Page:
Science In Sport: Nutrition Q&A With Dr James Morton | TRAIN

Science In Sport: Nutrition Q&A With Dr James Morton

We caught up with Dr James Morton to talk all things nutrition.

 

TRAIN: What foods are commonly under-eaten by athletes in your experience? Why are these so important?

Dr James Morton: It really depends on the culture of the sport and age of the athlete but across the board and in my experience, most athletes prior to receiving sports nutrition support, often under consume oliy fish in their diet e.g. salmon, mackerel etc. There is too much reliance on chicken only to achieve protein requirements! Of course, most of the general population under-consume vegetables let alone the elite athlete!

 

When selecting a protein source would you say dairy (Whey or Milk) is essential?

Dairy is not essential but milk is often an under-consumed protein source. It provides protein, carbohydrate, fluid, electrolytes and calcium at the same time. I often advise recovery drinks are made with milk as opposed to water, unless in an intended period of weight loss and you want to maintain high daily protein intakes without additional calories.

 

What’s your favourite protein smoothie recipe that covers all nutritional bases?

Greek yoghurt, banana, mixed berries, a scoop of SiS whey protein and lots of ice.

 

What would a typical daily food intake look like for someone who needs to fight inflammation, so it helps boost recovery?

In general, I would advise people to eat “natural” foods and avoid processed sugars and meats etc. It may sound too simple, but fresh vegetables, fruit / berries, oily fish, poultry and dairy etc alongside carbohydrate sources such as rice / quinoa / sweet potatoes etc should form the basis of your dietary approach for this goal. Avoid sugars and alcohol and limit your caffeine intake!

 

What supplements do you think have improved drastically over the years and what do you think is the next big thing in performance?

I wouldn’t say that supplements per se have improved but the quality of manufacturing procedures have certainly improved and SiS are leading the way in this regard. The scientific study and resulting commercial awareness of the role of protein in an athletes diet is gaining increased acceptance (as opposed to the carbohydrate focus). In contrast to conventional protein powders, I would therefore have to comment on SiS Whey20, a truly innovative method of delivering 20g of lecuine rich protein.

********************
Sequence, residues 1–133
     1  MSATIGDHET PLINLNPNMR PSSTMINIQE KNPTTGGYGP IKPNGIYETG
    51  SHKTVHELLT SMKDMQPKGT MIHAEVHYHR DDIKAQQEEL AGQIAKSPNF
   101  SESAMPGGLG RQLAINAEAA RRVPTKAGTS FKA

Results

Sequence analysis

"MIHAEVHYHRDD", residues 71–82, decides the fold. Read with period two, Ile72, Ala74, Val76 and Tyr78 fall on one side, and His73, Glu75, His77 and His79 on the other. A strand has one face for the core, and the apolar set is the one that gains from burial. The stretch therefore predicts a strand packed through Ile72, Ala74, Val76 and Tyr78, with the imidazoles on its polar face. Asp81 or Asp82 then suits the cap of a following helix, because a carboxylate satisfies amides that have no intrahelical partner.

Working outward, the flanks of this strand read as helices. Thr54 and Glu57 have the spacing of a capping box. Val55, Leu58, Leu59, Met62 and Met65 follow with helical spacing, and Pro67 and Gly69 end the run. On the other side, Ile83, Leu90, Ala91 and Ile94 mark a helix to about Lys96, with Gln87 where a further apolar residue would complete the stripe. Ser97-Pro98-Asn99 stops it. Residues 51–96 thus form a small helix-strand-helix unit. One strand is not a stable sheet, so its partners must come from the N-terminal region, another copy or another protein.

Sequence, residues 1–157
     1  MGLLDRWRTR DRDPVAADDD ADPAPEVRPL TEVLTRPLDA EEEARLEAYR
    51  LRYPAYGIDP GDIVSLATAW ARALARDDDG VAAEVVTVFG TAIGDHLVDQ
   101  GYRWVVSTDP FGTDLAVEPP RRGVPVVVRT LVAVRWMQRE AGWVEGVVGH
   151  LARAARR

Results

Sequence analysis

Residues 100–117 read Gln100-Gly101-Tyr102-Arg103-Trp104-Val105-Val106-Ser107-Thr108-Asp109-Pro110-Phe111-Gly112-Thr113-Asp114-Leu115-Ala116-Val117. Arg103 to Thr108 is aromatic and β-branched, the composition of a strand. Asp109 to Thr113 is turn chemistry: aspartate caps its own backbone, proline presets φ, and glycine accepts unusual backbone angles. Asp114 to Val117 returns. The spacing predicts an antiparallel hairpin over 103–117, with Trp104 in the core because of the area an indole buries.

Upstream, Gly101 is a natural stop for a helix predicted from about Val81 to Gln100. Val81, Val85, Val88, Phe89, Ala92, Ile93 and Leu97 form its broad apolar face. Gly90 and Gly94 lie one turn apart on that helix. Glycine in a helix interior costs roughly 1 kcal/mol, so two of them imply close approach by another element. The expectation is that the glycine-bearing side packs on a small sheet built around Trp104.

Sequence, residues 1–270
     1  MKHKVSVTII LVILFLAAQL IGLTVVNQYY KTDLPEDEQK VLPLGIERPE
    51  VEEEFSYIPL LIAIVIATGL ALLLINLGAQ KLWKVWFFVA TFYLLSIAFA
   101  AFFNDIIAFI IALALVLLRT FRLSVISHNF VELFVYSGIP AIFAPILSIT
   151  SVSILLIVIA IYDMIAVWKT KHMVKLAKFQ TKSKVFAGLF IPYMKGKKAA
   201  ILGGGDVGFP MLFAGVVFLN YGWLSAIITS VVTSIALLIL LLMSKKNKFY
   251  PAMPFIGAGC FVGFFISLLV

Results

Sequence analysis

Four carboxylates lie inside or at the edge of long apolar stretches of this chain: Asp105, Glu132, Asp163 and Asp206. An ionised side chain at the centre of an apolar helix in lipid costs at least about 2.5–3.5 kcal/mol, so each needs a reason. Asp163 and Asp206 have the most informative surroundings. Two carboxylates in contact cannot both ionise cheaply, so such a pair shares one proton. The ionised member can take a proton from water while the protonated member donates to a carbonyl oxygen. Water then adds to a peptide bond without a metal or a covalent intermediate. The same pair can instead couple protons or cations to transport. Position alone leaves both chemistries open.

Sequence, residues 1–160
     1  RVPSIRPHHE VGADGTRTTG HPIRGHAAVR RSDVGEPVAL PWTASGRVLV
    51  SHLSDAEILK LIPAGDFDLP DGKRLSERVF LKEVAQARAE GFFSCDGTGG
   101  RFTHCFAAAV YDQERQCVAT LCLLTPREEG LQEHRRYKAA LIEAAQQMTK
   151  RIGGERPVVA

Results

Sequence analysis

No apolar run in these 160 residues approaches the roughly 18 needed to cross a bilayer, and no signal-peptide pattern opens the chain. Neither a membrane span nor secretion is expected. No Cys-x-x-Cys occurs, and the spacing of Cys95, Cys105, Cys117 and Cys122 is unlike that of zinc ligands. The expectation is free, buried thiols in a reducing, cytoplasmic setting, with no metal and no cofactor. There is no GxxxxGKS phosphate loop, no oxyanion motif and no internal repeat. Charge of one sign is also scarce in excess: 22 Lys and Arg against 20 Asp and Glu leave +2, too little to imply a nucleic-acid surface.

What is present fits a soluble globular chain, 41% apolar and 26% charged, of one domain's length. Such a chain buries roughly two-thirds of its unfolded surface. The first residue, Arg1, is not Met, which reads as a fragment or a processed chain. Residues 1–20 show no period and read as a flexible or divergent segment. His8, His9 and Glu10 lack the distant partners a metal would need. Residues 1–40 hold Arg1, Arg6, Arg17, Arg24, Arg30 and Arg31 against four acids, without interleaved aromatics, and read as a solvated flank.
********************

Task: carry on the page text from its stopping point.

In terms of performance, I truly believe that the concept of nutritional periodization is the future of sports nutrition. This simply means changing what you eat in terms of type/ timing and quantity of food intake each day according to the goals of the particular session. For example, one day the goal might be to promote high trainining intensity, the next day might be a day with lower volume and intensity that does not need to be fuelled in the same way as the day before. In the same way our training loads are periodised, so should our nutrition!

 

What is the one food stuff someone should be eating every single day?

There is no single one food stuff, all macro and micronutrients are important as they work together to achieve optimal performance. However, I would say the biggest mistake elites and non elites make is to under-consume protein at breakfast and so for this reason, I always recommend eggs at breakfast!

 

Is there such a thing as too much protein?

Like all food stuffs, you can always over-consume one thing at the expense of the other. Our standard advice for protein requirements is to consume 2 g/kg body mass per day, spread out as even doses every 3-4 hours. This usually equates to protein intake at main meals, in snacks and in close proximity to the completion of training or competition.

 

How do you recommend people eat when they’re injured? Are there specific foods you think are particularly effective in the healing process?

Injury is is certainly a time when you need to maintain or even increase your daily protein intake to 2.5 g/kg body mass given that one of the requirements is to prevent any loss in muscle mass. Given that training load is likely stopped or severely reduced, then we also believe that carbohydrate (and calorie) intake should be reduced accordingly. So…its ramp up the protein and cut back on the sugars!

 

Is there a particular ‘food fad’ within the fitness industry that particularly annoys you?

There seems to be a general consensus that carbohydrate is no longer important for exercise performance anymore and that high fat diets are the key. I have spent 10 years studying carbohydrate metabolism in human muscle biopsies and whilst I believe that strategic periods of reduced carbohydrate can facilitate components of training adaptation (i.e. nutritional periodization), race winning periods of races still remain fuelled by carbohydrate! I am even more confident in this statement having been fortunate to spend two years with some of the world’s best endurance athletes.

 

Dr James Morton is the World-Class Knowledge Director at Science in Sport. James is a lecturer at Liverpool John Moores University and works with elite athletes as a nutritionist.

TRAIN

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